Winter Wonderland

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Snow is an odd substance, isn't it?

I mean, yesterday was not quite as bitterly cold as the last few days have been, so I walked around outside for a few minutes and looked at the snow. And really, it's not very plausible, you know.

Yes, as a comic trope, the bit where someone tries to explain snow to someone who has never seen it is tired and usually racist. But it's still very odd stuff. If you read a description of snow in a work of speculative fiction, or perhaps saw it in an animated film, I don't think you would believe it.

I didn't really believe it until I was 17 and experienced it properly for the first time. I've lived in New England, on and off, for half my life now, and I had forgotten how odd the stuff is.

If somebody invented the stuff in a lab, it would be outrageously fabulous: this is made out of water! It's not ice, mind you—ice is pretty remarkable stuff itself. Heck, water is pretty remarkable stuff. You mostly learn about liquids in grade-school science, and it's all normal-sounding, but actual water with its surface tension and ripples and waves and condensation behavior— well, I'm not saying it isn't true, but it certainly isn't very plausible. Still and all, mostly, water mostly does the things that you learned that liquids do, back when teachers told you there are only three states of matter.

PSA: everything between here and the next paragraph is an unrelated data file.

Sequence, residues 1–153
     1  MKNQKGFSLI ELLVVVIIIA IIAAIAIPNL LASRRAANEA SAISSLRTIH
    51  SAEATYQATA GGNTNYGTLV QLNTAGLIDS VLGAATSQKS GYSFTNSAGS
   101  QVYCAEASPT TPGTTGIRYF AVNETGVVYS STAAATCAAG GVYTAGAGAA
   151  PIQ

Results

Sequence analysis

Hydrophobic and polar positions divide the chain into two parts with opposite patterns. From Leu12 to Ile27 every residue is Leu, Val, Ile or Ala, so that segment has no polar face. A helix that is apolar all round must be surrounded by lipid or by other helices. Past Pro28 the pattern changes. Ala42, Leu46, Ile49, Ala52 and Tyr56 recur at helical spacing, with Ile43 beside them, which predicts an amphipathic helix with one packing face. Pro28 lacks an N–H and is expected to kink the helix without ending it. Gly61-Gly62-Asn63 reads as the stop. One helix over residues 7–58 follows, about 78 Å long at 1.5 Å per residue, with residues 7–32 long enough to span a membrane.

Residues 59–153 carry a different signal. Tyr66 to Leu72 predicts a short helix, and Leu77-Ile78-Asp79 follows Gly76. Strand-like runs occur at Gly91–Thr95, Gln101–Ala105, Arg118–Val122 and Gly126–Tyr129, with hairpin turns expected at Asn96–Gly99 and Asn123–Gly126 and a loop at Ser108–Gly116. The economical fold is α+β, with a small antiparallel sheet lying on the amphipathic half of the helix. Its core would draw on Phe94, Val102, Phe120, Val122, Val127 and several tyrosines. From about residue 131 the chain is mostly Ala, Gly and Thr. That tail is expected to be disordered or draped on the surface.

Snow, though. You can build stuff with snow. You can sculpt snow. With your hands. Well, if you have good gloves, anyway. It's a naturally-occurring form of water that you can pat into a shape and it will stay that way. You can plow a sheer wall of the stuff, make a twenty-foot tower if you have enough of it, dig a tunnel entrance though a fort wall. But if you leave it alone it will drift into dunes and the wind will make dramatic shapes out of it. It will compact into a surface perfect for sledding, and sometimes you can see tiny crystals spinning through the air like life's own sequins. Oh, and it's white—it's a bright white that would require in an artificial substance some outrageously harsh chemical treatment, and it just falls like that out of the sky. That's amazing.

I don't know anything about this kind of physics, but I suspect that the people who study, like, how sand works (and sand is pretty implausible itself, innit?) just shake their heads when talking about snow.

Tolerabimus quod tolerare debemus,

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